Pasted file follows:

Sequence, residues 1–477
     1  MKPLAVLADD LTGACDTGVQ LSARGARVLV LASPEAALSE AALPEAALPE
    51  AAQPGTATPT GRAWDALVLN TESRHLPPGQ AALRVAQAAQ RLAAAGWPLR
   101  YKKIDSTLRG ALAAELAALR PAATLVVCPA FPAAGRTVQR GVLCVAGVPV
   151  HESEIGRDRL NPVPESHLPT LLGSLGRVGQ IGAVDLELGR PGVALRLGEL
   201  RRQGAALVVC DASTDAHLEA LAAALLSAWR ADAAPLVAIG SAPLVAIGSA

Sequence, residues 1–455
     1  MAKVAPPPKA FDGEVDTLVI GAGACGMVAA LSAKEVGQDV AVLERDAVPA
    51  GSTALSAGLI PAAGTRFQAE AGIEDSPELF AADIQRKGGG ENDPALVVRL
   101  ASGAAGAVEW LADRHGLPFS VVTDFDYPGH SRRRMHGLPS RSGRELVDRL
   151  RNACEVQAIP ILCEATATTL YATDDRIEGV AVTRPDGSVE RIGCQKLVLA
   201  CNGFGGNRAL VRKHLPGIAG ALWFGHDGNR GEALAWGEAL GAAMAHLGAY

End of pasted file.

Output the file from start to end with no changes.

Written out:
Sequence, residues 1–477
     1  MKPLAVLADD LTGACDTGVQ LSARGARVLV LASPEAALSE AALPEAALPE
    51  AAQPGTATPT GRAWDALVLN TESRHLPPGQ AALRVAQAAQ RLAAAGWPLR
   101  YKKIDSTLRG ALAAELAALR PAATLVVCPA FPAAGRTVQR GVLCVAGVPV
   151  HESEIGRDRL NPVPESHLPT LLGSLGRVGQ IGAVDLELGR PGVALRLGEL
   201  RRQGAALVVC DASTDAHLEA LAAALLSAWR ADAAPLVAIG SAPLVAIGSA

Sequence, residues 1–455
     1  MAKVAPPPKA FDGEVDTLVI GAGACGMVAA LSAKEVGQDV AVLERDAVPA
    51  GSTALSAGLI PAAGTRFQAE AGIEDSPELF AADIQRKGGG ENDPALVVRL
   101  ASGAAGAVEW LADRHGLPFS VVTDFDYPGH SRRRMHGLPS RSGRELVDRL
   151  RNACEVQAIP ILCEATATTL YATDDRIEGV AVTRPDGSVE RIGCQKLVLA
   201  CNGFGGNRAL VRKHLPGIAG ALWFGHDGNR GEALAWGEAL GAAMAHLGAY